by Greg Mayer
The Smithsonian‘s National Museum of Natural History (known to biologists as the USNM) has announced that its new Hall of Human Origins, first announced in 2006 and originally slated to open this year,will open in March of next year. Normally this would be unadulterated good news; WEIT readers will recall the ‘thumbs up’ I gave the USNM’s exhibits in August. But a New York Times article [update 20.iii.2010: link now dead] says that
The museum also is establishing an advisory group called the Broader Social Impacts Committee to foster discussion on how scientific and religious perspectives on human origins can be compatible.
This is a cause of concern. Scientific institutions should not have an official theology. This sure sounds like they want to endorse Catholicism (at least of the John Paul II kind) or mainline Protestantism or some other religion that doesn’t object to science (much). I don’t see any problem in having it pointed out that, “Look, there’s a scientist who’s religious” (e.g. Ken Miller). [Added later: or pointing out, “Look, there’s a religious leader who accepts evolution” (e.g. John Paul II).] But to foster the claim they are “compatible” beyond that simple empirical point is not a scientific endeavor.
Curator Rick Potts is a little more reassuring as quoted in the Times, stressing the evidence of human evolution, saying that the exhibit will be a
place to look at the fossil evidence, to explore the fossil evidence and the archaeological evidence that informs about human evolution.
12 thoughts on “New human evolution exhibit to open at the USNM”
MooneyBaum will be having a paroxysm of joy about now methinks.
Oh dear. This is not only a scientific organization, it’s a US GOVERNMENT scientific organization, and our government is not supposed to be in the business of endorsing any religion, much less religion in general. This sounds like a violation of the Constitution to me–unless they include discussions of how science and religion are NOT compatible.
And I don’t find Potts’s comment very reassuring. How could the exhibit NOT stress the evidence, unless it’s completely moronic?
It’s certainly a difficult line for them to walk. In the US I would suspect that most religions explicitly reject evolution (seeing as, in terms of pure numbers, the vast majority of individual religions are splinters of fundamentalist protestantism).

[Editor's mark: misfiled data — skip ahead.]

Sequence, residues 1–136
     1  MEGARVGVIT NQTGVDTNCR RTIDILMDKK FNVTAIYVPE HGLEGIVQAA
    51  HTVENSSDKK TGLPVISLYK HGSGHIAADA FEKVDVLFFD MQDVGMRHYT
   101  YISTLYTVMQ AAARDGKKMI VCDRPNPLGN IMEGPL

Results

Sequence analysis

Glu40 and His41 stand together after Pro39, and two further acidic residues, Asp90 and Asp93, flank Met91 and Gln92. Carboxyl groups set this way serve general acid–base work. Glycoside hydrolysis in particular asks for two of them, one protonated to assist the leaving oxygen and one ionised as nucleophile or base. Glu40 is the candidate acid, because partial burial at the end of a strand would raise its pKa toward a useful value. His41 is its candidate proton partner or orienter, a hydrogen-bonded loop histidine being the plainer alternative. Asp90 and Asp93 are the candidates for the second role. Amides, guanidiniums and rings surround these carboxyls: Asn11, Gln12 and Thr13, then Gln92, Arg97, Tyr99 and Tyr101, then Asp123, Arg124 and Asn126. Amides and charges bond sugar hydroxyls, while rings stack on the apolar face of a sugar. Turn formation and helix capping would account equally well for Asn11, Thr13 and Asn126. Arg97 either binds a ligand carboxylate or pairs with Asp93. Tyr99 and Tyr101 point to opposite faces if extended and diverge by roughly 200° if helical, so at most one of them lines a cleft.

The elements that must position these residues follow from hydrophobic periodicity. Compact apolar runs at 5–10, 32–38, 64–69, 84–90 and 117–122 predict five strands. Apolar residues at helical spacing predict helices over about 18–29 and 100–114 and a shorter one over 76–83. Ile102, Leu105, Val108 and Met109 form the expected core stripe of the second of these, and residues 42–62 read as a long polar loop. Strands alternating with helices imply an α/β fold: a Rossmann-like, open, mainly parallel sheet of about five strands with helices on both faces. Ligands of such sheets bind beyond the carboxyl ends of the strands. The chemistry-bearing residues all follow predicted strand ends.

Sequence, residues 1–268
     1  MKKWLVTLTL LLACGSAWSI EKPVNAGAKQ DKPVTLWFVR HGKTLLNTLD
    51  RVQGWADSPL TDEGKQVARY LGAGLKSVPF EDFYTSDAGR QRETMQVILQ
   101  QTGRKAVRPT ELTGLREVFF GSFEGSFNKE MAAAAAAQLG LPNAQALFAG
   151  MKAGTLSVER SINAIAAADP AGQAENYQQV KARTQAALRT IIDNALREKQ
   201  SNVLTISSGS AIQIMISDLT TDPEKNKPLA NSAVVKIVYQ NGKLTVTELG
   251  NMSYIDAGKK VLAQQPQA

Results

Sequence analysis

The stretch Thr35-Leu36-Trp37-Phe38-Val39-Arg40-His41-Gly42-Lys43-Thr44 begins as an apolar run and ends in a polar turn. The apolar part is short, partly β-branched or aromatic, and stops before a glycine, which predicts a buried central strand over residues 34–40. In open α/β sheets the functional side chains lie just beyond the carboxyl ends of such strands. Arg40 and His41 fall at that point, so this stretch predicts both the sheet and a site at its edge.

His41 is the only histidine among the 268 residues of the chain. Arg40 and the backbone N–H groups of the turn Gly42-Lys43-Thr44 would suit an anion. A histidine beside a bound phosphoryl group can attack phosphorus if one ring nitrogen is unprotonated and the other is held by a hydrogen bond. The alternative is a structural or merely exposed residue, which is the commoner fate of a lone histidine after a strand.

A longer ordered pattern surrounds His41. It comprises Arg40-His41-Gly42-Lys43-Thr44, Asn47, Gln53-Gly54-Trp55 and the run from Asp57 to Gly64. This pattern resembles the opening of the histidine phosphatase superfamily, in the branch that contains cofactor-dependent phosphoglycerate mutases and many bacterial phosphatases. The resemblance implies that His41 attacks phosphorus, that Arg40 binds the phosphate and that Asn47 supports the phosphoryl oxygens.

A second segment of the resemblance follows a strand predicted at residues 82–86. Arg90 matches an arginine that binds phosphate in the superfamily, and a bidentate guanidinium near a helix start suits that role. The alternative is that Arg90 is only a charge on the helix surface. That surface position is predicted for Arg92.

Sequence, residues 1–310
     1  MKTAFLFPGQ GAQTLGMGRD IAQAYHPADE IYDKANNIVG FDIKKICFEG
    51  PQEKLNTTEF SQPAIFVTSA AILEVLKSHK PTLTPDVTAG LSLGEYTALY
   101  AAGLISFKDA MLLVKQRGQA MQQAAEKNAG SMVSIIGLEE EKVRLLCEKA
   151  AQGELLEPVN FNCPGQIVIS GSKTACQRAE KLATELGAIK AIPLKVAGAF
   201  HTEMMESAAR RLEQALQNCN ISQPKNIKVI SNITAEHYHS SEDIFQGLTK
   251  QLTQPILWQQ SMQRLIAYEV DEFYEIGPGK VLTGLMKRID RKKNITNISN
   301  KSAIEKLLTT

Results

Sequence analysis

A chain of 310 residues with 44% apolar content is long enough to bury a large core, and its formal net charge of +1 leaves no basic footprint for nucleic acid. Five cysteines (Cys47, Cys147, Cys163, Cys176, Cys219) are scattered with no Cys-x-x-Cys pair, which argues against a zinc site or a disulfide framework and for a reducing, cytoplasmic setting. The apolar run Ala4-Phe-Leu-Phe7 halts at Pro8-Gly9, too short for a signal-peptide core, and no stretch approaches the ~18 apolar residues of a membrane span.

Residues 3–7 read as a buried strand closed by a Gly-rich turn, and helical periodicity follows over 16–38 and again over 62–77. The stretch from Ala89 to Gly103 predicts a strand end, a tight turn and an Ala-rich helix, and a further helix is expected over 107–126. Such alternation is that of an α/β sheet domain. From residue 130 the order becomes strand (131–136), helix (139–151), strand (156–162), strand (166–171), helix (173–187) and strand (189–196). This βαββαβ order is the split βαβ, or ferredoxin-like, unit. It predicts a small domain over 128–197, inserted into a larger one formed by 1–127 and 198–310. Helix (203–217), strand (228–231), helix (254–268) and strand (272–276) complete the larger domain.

In that case you cannot say that most religions endorse evolution.
Stating that the major religions officially accept evolution – Roman Catholic or Episcopalians – is a problem if you ignore the many large groups that do not.
Even in terms of total numbers it is unlikely that most religious people in the US support evolution. It will be interesting to see how they approach this issue.
As an empirical datum, fostering discussion often tends to effectively reduce homicidal effort.
A case might be made (but is left as Exercise For Students) that such reduction is the entire point of “government”.
There’s nothing wrong with a discussion about WHETHER religious and scientific accounts of human origins are compatible. But it is more appropriate for a philosophy department to facilitate discussion of such an issue, and in any event it’s begging the question to replace WHETHER with HOW.
Weird. It’s like Homer Simpson has taken over the Museum.
Bart: According to creationism, there are no more cavemen.
Homer: Good riddance, their drawings suck and they look like hippies.
It’s a bit premature to say Homer Simpson has taken over. In fact, there’s no chance that the exhibit will be creationist. The question is will the exhibit adopt some explicit theology. We’ll have to see the exhibit first.
I don’t understand their insistence in preemptive appeasing the religious fundamentalist that would be upset by this. No one worries about ticking off white-supremacists with a civil rights exhibit. Its history! Its science! You report the facts and let the people make up their minds on which conclusion to make. If it pisses people off, then good! That would at least start a dialog in this country. Fostering “…discussion on how scientific and religious perspectives on human origins can be compatible” is the wrong conversation to be having. “IF” they are compatible is a question people should be answering for themselves. Asking “how” already implies that they are compatible.
Unless certain reason-friendly religions are favoured over others, there is little or no compatibility between science and “religion” in general.
This selection and favouritism is what makes it unconstitutional, besides its other shortcomings.
Lets start an email protest:
about the unconstitutional issue.
Another strategy that is bound for failure, unless its objectives include giving anti-science frauds free ammunition.
NOMA should have been strangled at birth as a crippled monstrosity.